Government spokesman Anucha Burafachaisri announced on Thursday morning that the prime minister had ordered police to take strict action against those who obstructed the royal procession or otherwise insulted the monarchy.
One change is that police have said they will set up checkpoints around Bangkok for security purposes.
Law enforcement will be facilitated by Bangkok’s new emergency decree, which bans unauthorized gatherings of more than five people and gives authorities other powers they deem necessary to prevent unrest, including the temporary detention of people free of charge. It also outlaws news that distorts information or may cause a “misunderstanding.”
Thailand is already under a national state of emergency as part of its efforts to fight the coronavirus, and it was not immediately clear how different the new decree was.
Protesters gathered again in the shopping district of Bangkok on Thursday afternoon and evening. The crowd grew large enough to block a large crossroads surrounded by elite malls and a famous shrine, where they were approached by a series of speakers who condemned the government.
Police stepped aside as the crowd chanted harsh slogans calling for the prime minister to step down. They also chanted “Release our friends” in connection with the arrested leaders.
“I want to fight for my future. I want to fight for my friends. I want to fight for my democracy. My country must be a democracy, “said Aitarnik Chitwisset, a 24-year-old NGO official.
Police Deputy Spokesman Col. Kisana Fatanacharoen warned earlier that calling for such a protest or his presence was against the law.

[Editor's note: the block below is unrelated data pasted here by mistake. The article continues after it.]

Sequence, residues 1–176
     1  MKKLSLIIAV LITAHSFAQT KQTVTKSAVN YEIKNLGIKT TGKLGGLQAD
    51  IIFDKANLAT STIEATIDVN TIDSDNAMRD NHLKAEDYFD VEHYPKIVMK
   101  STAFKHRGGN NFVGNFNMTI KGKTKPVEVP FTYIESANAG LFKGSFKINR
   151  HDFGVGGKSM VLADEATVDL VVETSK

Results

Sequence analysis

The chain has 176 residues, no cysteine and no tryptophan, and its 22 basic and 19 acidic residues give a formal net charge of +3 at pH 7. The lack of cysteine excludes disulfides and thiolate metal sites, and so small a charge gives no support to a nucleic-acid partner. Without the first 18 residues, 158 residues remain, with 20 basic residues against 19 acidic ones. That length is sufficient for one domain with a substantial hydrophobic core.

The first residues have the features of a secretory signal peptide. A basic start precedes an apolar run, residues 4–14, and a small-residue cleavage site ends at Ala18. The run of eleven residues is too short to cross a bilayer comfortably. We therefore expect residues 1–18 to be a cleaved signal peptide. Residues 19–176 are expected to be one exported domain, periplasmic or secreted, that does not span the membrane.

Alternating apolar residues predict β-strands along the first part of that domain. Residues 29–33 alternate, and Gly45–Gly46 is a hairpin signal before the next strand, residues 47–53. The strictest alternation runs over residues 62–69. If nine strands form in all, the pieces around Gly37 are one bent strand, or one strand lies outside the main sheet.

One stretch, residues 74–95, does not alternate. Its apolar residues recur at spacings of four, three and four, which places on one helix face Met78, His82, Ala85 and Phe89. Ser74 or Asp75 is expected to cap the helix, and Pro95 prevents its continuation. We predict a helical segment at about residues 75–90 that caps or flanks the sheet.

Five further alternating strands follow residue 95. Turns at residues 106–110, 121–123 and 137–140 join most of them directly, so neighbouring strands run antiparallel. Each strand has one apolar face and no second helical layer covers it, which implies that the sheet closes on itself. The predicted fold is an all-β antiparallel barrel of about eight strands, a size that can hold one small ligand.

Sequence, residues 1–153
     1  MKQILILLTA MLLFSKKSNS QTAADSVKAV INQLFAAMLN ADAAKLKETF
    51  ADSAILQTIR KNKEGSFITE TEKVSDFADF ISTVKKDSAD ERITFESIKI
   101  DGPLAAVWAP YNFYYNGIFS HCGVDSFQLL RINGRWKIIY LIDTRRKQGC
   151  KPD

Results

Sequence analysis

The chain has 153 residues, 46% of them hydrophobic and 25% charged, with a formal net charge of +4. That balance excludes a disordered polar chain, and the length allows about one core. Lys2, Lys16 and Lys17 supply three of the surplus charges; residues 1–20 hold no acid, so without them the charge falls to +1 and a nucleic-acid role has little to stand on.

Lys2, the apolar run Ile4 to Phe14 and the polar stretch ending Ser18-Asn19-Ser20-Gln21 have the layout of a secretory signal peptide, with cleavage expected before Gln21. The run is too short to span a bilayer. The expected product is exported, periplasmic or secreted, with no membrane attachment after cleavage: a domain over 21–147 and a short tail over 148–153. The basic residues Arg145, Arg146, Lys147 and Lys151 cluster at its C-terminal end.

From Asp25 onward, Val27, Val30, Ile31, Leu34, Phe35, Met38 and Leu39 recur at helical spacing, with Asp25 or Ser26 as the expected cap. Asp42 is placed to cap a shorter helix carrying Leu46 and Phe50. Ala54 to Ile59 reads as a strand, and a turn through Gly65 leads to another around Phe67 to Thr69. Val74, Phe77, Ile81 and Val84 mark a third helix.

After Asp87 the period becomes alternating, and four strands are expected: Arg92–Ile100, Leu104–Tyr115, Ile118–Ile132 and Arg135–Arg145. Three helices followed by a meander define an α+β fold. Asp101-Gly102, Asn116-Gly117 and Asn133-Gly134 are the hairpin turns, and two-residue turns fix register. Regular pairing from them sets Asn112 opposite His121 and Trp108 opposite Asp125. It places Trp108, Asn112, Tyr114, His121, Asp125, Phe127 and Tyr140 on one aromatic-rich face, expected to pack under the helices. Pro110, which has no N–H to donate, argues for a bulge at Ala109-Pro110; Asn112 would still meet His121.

The protest movement was launched in March by university students, but was quickly stopped as Thailand was engulfed in a coronavirus pandemic. He returned in July, when the threat of the virus diminished, and has grown since then.
The movement’s initial main demands were new elections, changes to the constitution to make it more democratic, and an end to intimidation of activists.
Protesters accuse Prayut, who as commander of the army led a coup in 2014 that toppled an elected government, of being unjustly returned to power in last year’s general election because laws were changed in favor of a pro-military party. Protesters say a constitution promulgated under military rule and adopted in a referendum in which the campaign against it is illegal is undemocratic.
The movement took another stunning turn in August, when students at a rally issued unprecedented criticism of the monarchy and called for its reform. Using direct language, usually expressed in whispers, if speakers at all criticize the king’s wealth, his influence, and that he spends much of his time in Germany, not Thailand.
Conservative Thai royalists have accused the protest movement of seeking to end the monarchy, a claim its leaders deny.
However, analysts say the incident with the royal motorcade could harden the position.
“It’s not just unprecedented, but it will be shocking to many,” said Kevin Huyson, an honorary professor at the University of North Carolina and a veteran Thai scientist. “Yet this is a reflection of how a new generation of protesters sees the monarchy and the military-backed regime as intertwined, and that political reform requires reform of the monarchy as well.”